Glues vary greatly and there is more than one type of glue that is needed to build your foamie. But mostly, it’s the modeler’s preference on what type of glue they use and are comfortable with. Notes:
First off, prior to any gluing, make sure that you wipe off the smooth surface of Depron with alcohol to remove any oils on the surface.
Never glue the leading and trailing edge of the wing to the fuse. Use a small amount of glue about 1″ in from the leading and trailing edges, this will allow the fuselage to flex, preventing hard points and cracks to start at the joint.
Here is a list of foam compatible glues:
- Foam Safe CA and Foam Safe Kicker- Works great, used with kicker, dries instantly. Great for field repairs, in case you happen to break something. Usually dries clear, and makes for a great way to keep the plane clean.
- Gorilla Fast Cure- Generally messy, but works fine. Used in small amounts, keeps weight down. We found that it works best on the end grain of the foam, especially in repairing a broken nose or wingtip. Use it only where it can be contained, never at the intersection of the horizontal and vertical fuse. Over time, it turns a dark brown color, which makes the plane seem a bit messy.
- Elmer’s Craft glue- This type of glue works fine, but takes hours to dry, usually overnight. Dries clear, making final product very clean. Glue can break easily so use in large amounts.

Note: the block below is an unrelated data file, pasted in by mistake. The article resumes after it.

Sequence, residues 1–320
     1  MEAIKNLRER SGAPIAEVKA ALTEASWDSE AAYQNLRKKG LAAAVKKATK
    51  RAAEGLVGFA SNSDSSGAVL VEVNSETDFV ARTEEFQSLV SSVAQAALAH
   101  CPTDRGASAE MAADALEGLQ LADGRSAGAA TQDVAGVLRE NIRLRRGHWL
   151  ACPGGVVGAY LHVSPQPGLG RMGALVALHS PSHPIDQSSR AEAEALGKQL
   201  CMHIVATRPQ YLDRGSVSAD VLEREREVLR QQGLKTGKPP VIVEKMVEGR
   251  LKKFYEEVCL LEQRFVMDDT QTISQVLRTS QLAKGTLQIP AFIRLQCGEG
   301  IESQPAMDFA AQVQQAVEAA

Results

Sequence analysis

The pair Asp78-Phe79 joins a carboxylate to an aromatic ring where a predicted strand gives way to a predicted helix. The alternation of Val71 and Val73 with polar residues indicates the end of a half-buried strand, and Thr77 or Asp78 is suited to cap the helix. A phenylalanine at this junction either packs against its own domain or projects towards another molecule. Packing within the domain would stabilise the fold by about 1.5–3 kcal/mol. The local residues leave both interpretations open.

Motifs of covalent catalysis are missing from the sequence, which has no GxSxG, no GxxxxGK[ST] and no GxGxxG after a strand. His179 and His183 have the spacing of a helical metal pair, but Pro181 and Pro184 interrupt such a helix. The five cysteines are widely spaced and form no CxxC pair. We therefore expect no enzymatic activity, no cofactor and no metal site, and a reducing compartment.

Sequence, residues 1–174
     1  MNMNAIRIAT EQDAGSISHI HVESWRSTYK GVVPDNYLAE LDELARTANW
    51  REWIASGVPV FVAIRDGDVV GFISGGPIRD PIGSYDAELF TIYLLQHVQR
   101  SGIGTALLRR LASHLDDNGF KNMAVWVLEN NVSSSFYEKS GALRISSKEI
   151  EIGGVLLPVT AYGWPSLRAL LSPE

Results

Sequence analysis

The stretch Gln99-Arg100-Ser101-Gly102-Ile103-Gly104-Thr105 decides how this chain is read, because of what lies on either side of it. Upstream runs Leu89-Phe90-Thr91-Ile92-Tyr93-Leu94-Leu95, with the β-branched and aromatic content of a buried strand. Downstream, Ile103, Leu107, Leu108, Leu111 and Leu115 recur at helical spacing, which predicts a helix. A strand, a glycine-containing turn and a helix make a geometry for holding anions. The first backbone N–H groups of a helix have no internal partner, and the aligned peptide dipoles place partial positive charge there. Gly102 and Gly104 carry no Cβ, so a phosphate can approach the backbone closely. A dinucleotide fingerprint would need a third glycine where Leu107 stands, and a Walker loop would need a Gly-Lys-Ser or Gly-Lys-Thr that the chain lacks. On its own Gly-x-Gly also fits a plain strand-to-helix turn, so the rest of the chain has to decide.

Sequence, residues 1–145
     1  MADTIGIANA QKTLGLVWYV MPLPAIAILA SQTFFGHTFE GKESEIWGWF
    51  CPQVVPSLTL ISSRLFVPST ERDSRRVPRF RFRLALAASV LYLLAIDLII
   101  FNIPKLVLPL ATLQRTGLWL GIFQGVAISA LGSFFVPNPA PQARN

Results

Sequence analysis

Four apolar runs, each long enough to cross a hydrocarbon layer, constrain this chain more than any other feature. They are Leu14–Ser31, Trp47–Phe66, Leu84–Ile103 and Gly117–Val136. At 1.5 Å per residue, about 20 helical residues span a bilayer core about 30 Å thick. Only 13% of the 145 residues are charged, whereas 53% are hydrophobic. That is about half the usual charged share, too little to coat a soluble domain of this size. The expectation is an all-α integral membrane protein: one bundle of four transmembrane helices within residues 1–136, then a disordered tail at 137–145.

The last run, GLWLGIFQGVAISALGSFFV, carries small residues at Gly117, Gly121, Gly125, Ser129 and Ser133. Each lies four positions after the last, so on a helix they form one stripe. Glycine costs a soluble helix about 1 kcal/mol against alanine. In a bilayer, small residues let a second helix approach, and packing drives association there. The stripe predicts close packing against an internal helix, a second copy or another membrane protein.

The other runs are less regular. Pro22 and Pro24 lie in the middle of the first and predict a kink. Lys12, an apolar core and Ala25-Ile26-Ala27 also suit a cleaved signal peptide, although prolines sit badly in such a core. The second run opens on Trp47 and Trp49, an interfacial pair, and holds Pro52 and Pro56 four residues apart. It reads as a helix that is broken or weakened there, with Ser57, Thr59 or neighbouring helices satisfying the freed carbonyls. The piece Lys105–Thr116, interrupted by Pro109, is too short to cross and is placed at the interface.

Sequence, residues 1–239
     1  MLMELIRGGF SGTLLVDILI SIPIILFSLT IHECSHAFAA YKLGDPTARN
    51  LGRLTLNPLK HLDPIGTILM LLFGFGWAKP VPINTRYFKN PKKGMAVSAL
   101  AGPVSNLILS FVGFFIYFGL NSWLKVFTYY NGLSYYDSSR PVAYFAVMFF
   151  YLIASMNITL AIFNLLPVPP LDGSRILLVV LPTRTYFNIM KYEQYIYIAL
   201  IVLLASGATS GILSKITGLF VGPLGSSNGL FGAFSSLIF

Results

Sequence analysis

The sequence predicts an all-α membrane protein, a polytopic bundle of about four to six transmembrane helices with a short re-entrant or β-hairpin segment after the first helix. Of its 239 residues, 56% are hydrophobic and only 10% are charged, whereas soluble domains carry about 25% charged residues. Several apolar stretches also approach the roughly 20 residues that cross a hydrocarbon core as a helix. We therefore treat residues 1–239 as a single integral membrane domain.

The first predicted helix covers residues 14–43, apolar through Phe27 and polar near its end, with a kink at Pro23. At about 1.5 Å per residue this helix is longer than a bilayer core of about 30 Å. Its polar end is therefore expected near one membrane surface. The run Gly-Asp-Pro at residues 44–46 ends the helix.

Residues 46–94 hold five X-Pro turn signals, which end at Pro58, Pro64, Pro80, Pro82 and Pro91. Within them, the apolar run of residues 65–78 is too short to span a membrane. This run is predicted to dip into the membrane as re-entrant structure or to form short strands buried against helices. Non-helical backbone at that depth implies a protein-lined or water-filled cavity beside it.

- Epoxy- 5-minute works, but 15-30 works better. Generally a bit messy, and sometimes dries with a green-ish color. Great for mounting the motor or other high stress sections on the aircraft, such as the wing spar. If you get sloppy, it will clean it up with Denatured Alcohol.
- “Welders” – This is the same as contact cement (in a tube). Apply a thin amount on each surface, let it get tacky then stick the surfaces together. The works great on EPP for, but it will MELT Depron.
- Gorilla Pen Glue (available at Wal-Mart and some Home Depots)- This is another quick setting glue, much like the PL Turbo but takes about 1 hour and it’s less expensive. Both of these are sold in small tubes and are referred to as “Pen Glues”
- “Aleene’s Craft Glue” (available at Michaels Crafts)- A PVA style glue that can be purchased at craft stores. Similar to white Elmer’s Craft Clue, but is thicker. Works great along the sides of the fuse after assembly.
- Hot Glue- Generally is messy, but can dry clear, and makes a nice flexible bond, which holds great. Be careful to not use high temperature hot glue! Don’t use in areas where the temperature regularly gets above 80º Fahrenheit (or about 28º Celsius).